Atkins is not exactly longing for sweat, but neither does he fully share Hanton’s desire for the process to go off without a hitch. “I don’t want it to run totally smoothly,” he notes, “because then the answers that the audience are likely to come up with are pragmatic”.

Obscure interventions

Although he is aware that audiences will be drawn to discuss the technology on show, Atkins remarks that he himself has often used digital technology “as a way to afford myself space to do something else and think differently”. Numerous wilfully obscure interventions in the exhibition space thus tilt the show away from a transparent presentation of the practicalities facing Hanton and his company.

Alongside such objects as a rack of grey t-shirts, jogging bottoms and white plimsolls provided for the benefit of performers – objects that for Atkins fall under “the utterly practical aesthetic of things that have to look the way they look just because” – one finds such strange and troubling items as a bucket filled with wilting purple flowers set alongside two empty Diet Coke cans and an apple core, under a sign reading ‘Read more about the symptoms of dementia’. A number of Atkins’ drawings also occupy the space, their queasy lines and grotesque bodily subject matter serving to imaginatively rope together the present meaning of ‘render’ with its origins in butchery. The artist is keen to note that “If I say ‘this is the render farm’, I want it to sound like we’re boiling bones. I want people to have that image.”

Such intentions align with a broader critical project that underpins a great deal of Atkins’ work to date, concerning the materiality of the digital. “One of the things that’s strikingly difficult and interesting about digital media and the general rhetoric of how one approaches computers is that the language used is often one of deferral,” Atkins remarks. “So, ‘the cloud’ is a kind of convenience and sounds great  but it’s also very much a political move, it’s a deferral to maintain suspension of disbelief, it’s a mystification of the bad bits of a political and industrial process.”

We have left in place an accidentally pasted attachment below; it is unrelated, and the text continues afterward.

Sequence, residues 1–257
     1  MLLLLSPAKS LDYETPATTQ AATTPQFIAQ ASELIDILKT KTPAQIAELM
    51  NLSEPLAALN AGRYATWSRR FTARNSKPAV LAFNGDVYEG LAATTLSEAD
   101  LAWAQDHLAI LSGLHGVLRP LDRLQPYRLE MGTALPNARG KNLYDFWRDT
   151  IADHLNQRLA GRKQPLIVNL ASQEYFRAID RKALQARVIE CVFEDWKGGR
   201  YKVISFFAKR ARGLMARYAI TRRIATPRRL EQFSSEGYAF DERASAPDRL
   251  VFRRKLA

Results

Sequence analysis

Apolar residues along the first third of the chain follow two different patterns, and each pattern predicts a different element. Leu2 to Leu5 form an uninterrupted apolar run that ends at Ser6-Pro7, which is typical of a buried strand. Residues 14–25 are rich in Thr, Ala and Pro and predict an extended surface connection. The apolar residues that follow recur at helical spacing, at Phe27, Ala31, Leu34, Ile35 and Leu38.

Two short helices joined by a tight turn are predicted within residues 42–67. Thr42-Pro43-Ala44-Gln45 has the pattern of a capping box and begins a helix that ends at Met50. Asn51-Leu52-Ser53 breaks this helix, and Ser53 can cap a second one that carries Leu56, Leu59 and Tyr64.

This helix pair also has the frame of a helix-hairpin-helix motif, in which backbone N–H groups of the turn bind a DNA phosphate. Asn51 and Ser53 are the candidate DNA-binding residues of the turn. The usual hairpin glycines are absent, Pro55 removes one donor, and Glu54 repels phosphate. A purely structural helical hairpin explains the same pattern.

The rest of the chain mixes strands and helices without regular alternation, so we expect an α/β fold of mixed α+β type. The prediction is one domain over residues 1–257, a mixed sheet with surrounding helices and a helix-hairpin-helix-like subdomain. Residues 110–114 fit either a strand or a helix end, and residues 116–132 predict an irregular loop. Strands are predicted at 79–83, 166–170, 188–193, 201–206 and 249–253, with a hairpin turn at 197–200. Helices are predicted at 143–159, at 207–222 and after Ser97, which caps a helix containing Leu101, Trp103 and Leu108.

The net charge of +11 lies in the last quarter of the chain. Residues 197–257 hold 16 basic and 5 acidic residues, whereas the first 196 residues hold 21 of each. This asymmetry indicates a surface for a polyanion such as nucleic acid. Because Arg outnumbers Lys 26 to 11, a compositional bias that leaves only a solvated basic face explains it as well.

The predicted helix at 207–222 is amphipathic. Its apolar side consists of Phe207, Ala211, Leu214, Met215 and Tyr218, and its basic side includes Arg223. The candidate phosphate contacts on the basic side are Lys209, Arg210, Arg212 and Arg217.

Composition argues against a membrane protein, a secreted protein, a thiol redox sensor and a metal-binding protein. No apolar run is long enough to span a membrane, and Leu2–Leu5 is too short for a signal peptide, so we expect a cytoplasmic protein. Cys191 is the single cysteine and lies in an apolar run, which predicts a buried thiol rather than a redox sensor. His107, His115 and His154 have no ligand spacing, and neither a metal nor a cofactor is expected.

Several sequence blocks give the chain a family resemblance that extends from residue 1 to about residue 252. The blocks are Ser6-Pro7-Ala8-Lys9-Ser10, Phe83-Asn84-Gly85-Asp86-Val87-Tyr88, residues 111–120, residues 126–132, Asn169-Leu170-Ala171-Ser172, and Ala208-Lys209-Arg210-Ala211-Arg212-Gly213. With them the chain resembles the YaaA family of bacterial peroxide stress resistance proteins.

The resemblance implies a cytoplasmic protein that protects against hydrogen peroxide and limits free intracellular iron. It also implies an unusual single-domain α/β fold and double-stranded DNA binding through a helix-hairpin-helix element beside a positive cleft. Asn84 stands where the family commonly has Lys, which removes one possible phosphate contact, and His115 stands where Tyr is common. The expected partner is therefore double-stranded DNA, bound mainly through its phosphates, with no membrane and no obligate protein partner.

In an excerpt from an article for Texte zur Kunst reproduced at the exhibition’s entrance, Atkins writes that “Every ‘cloud’ has a rusting, heaving, scorched lining; every black mirror of an iPhone carefully omits the indexing of a thousand traumatized lives over there, out of sight, in its occult, vanished material history.”

While it stops short of directly reflecting on some of the grisliest flashpoints in the development of digital technologies – the mining of coltan in the Democratic Republic of Congo, for instance – Performance Capture clearly represents an attempt to re-embody digital image production by exposing some aspect of it to the public. In offering the motion-capture production process centre stage, Atkins accepts the possibility that his audience’s reaction will be one of awe and curiosity at Studio Distract’s capabilities. The artist’s challenge is then to create the kind of space in which those affects can be captured and bent into something more reflexive, more critical, or more uncanny.

Performance Capture continues at Manchester Art Gallery until 19 July 2015 www.mif.co.uk

Ed Atkins will be in Conversation with project co-curator Hans Ulrich Obrist, 11 July, 2pm at the gallery – event is now sold out, but will be live-streamed via performancecapture.net